I as well as many others have entered the nursing profession not only for financial gain and an interesting dynamic career but also because of my desire to be of service and thus "needed". Elisabeth Kubler-Ross in her teaching differentiates between "care-giving' and "care-taking" to point out that those in the helping professions must not let their need to be needed be inappropriate. I must always be conscious of my motives in general and my response to each individual patient relationship to assure that it is the patient's needs that are being attended to.
A client who is facing a health crisis or impending death may be feeling intense needs to be heard, recognized, nurtured or loved. They may therefore perceive my desire to be of service to them and to treat them with kindness and compassion as an opening to project their own personal needs onto our relationship. Again as a nurse it is important to find ways to create clarity of boundaries that facilitates the potential for offering profound as well as superficial care without fostering transference based ideation.
It has been my experience that each nurse must find a way of dealing with transference and counter-transference that is congruent with their own personality. Maturity in this area is a very important aspect of nursing. I must allow myself to be positively motivated by my willingness to give and to be needed without ever becoming dependent on being needed in any negative fashion. The patient must be willing to be cared for and receptive to all levels of care and compassion without taking the relationship to an inappropriately personal level.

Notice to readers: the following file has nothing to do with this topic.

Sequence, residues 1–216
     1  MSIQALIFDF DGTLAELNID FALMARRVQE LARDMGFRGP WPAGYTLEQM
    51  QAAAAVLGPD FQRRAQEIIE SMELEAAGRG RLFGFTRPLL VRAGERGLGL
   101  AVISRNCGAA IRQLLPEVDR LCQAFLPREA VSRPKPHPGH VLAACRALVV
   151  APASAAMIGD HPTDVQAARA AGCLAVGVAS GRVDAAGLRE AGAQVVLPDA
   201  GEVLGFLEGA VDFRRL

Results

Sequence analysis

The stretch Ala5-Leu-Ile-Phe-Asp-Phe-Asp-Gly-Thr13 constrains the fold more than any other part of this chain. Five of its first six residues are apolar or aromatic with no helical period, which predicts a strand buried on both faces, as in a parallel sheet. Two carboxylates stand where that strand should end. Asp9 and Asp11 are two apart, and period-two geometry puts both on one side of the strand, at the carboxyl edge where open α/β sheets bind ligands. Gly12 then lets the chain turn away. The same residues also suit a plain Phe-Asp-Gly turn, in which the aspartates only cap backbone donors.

As a professional in the nursing field it is up to me to find the combination of words, body language, and skillful care-giving that will facilitate the highest ethical relationship between my patients and myself. I must set the tone and maintain it.